The Future of Work: Creating a Culture of Collaborative Innovation

Monday, October 19, 2015

We’re on the brink of significant generational transition in the workforce, as the Baby Boomers (born 1946-64) who make up a quarter of today’s workforce and hold a lot of the leadership roles are reaching retirement age and will be just 8% of the workforce in a decade’s time. 

At the other end of the spectrum, as the Baby Boomers are phasing out of the workplace, the most materially endowed, technologically literate, formally educated, globally connected generation to ever grace the planet enter the workforce – Generation Z. 

Generation Z, born 1995-2009, make up 18% of our population, 9% of the workforce but in a decade’s time will make up 31% of the workforce.

Whilst they will spend 14,000 hours in face to face classes in their schooling and for a degree, they’ll spend 6 times this in the workforce – an estimated 84,000 hours.  But what will the future of work look like?

Generation Z bring new approaches to work, problem solving, innovation and collaboration.  They have been born into an era of unprecedented change – this will be reflected in their approach to their careers. Today’s annual turnover rate is 15% per annum which equates to people staying in their roles for approximately 3 years 4 months. Projected over the lifetime of a school leaver today it is estimated they will have 17 jobs across 5 careers in their lifetime. 

social trends transforming the future of work

The Intergenerational Report by the Australian Government outlines three major social trends which will transform the future of work as we know it- population, participation and productivity.

population

Australia’s population is growing at 1.4% per annum, and we will reach 24 million people by the end of 2015.  We have doubled both our national and our global population since 1966.

However our population is not only growing but also ageing.  Our population pyramids visually communicate our growth – in 1985 it was a pyramid as there were more younger people than older people, however today it is becoming more rectangular and demonstrates how we are on the brink of massive ageing.   As we project to 2045 our population pyramid will start to become inverted as we will have more people aged over 60 than under 18 for the first time.

There are not only more older people but we are living longer than ever before, having added 10 years of life expectancy in the last four decades.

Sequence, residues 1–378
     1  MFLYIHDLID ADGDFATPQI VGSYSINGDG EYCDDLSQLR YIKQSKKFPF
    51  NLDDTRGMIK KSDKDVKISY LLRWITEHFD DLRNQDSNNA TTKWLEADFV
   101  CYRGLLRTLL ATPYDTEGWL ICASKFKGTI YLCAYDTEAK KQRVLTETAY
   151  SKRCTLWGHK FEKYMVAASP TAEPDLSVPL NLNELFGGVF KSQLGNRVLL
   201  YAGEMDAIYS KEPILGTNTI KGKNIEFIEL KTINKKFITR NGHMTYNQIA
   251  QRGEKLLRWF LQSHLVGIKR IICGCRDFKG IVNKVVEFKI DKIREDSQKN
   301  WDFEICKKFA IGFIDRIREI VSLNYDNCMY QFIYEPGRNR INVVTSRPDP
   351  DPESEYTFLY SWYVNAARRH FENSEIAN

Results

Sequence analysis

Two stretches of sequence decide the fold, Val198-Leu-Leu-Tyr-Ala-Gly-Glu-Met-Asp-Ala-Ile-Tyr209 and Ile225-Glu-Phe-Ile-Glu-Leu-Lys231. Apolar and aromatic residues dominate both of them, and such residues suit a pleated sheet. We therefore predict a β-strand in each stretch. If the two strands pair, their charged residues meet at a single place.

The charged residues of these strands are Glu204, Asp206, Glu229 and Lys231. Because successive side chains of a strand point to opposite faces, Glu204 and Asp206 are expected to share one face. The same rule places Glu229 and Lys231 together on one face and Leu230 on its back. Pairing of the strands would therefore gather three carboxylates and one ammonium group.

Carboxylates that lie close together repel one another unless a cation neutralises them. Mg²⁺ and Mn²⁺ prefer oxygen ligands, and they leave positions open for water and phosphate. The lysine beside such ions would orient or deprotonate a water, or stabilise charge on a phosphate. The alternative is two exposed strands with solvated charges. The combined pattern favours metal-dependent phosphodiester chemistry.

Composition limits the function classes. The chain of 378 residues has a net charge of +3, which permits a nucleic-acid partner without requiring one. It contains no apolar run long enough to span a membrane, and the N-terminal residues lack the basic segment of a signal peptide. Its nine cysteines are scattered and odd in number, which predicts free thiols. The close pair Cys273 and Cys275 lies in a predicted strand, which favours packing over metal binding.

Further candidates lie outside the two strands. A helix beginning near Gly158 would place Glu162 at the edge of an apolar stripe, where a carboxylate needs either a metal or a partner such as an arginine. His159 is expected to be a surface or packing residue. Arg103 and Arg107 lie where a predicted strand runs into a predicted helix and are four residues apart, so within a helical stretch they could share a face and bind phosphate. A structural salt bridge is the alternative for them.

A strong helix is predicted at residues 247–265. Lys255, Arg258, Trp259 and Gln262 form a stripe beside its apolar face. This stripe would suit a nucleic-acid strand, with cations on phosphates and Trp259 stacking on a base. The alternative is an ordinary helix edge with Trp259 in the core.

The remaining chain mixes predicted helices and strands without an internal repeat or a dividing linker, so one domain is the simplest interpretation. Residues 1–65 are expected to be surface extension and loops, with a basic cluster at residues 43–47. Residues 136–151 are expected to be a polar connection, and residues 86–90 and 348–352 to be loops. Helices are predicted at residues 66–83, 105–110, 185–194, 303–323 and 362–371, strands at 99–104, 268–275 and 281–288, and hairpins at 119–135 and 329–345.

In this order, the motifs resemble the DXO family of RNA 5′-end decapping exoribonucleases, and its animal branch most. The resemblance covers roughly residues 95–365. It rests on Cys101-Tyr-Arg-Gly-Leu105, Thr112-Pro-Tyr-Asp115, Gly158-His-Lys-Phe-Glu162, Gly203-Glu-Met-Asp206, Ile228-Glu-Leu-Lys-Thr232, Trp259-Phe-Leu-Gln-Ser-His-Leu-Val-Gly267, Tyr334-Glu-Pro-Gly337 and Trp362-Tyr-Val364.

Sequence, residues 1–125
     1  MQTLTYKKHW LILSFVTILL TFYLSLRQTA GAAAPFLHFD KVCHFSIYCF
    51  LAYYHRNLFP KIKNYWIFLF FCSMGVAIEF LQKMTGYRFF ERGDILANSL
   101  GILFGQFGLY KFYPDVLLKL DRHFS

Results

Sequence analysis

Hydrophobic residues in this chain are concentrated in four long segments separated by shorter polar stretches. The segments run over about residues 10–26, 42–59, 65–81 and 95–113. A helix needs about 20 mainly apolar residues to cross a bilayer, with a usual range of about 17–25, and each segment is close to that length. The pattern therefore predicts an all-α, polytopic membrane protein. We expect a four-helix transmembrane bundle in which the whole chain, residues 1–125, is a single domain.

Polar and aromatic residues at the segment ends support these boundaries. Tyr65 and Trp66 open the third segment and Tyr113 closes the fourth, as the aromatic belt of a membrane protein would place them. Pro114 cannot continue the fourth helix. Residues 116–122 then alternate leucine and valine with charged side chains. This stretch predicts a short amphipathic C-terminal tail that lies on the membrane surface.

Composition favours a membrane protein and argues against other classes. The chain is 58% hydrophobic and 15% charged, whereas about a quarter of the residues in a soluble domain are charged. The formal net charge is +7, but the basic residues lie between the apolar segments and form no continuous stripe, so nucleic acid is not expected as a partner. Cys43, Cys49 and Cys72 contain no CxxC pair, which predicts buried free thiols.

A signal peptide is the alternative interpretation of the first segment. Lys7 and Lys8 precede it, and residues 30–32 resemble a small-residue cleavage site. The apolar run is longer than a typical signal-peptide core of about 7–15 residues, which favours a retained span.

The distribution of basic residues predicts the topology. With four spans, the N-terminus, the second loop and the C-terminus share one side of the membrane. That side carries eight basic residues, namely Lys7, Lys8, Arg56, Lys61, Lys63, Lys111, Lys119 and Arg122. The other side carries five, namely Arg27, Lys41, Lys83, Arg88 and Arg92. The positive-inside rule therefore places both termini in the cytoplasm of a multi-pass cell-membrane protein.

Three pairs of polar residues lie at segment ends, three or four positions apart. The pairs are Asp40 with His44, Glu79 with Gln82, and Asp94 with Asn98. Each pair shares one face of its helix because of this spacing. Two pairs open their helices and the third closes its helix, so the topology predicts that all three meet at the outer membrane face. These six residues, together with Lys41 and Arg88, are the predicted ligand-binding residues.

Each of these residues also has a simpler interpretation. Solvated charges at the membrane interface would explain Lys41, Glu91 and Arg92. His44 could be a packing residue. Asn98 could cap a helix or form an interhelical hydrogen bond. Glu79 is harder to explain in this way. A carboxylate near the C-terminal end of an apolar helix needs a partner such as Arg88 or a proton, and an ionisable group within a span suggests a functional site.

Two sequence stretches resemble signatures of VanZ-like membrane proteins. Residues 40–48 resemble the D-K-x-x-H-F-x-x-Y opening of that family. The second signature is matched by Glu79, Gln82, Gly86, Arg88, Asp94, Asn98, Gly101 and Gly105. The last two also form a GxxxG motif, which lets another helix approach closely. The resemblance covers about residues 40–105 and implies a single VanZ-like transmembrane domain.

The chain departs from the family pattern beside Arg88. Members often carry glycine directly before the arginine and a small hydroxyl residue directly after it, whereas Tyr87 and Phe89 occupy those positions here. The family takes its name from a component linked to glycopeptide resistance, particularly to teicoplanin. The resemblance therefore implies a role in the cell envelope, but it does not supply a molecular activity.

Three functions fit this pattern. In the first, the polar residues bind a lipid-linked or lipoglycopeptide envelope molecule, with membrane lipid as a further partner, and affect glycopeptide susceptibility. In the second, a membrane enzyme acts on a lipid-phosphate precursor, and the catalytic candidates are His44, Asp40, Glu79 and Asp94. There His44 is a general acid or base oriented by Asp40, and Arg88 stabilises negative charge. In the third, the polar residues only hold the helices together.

Our population is also changing, and we are more culturally diverse than ever before with 58% of Australia’s growth attributed to net overseas migration. We are increasingly generationally diverse with six generations represented in our communities today. 

PARTICIPATIon 

In the years ahead we will see the female workplace participation rate continue to increase.  And we will be working later in life with the retirement age being pushed back. Even so, because of the impact of the aging population our workforce participation rate will actually decline, with today’s participation rate at 65.1% projected to decline to 62.4% in 2055.

The ratio of Australians in the workplace to retirees is also radically changing.  In 1975, there were 15 people of working age (aged 15-64) for every couple of retirement age (aged 65+).  Today there are just 9 people of working age for every couple of retirement age, and by 2055 it is projected to be just 5.4 people of traditional working age for every couple of retirement age. 

Productivity

Due to the declining ratio of people of working age to those in retirement, there is going to be a greater need for productivity from the labour force.  The workforce of the future will need to do more with less.  This final defining social trend, productivity, is the only one not based on demographic realities.  

The Intergenerational Report outlines that for every hour an Australian works today, twice as many goods and services are produced as they were in the early 1970s. One of the contributors to this is technology which has enabled greater efficiencies. 

the future of work

It is not just technology which has increased productivity outcomes over the years.  Productivity is maximised by people and organisations who can innovate, and communities who can collaborate.  Effectiveness, innovation, productivity comes when it is in the hands of people who can see solutions, generate ideas, solve problems and facilitate innovations. 

Technology, innovation & collaboration 

Sectors have been transformed where there’s the intersection of technologies with innovation and collaboration. 

For example, AirBnB has challenged the traditional approach to accommodation solutions.   Their innovative approach to accommodation has been released to the collaborative power of the community to become accommodation providers, and has been leveraged through the technology platforms.   

Similarly, the network transportation company Uber has transformed the approach to transportation.  Launched internationally in 2012, Uber is in 58 countries, worth an estimated $50 billion yet doesn’t own one car.  An innovative approach, released to the collaborative community, leveraged through technology.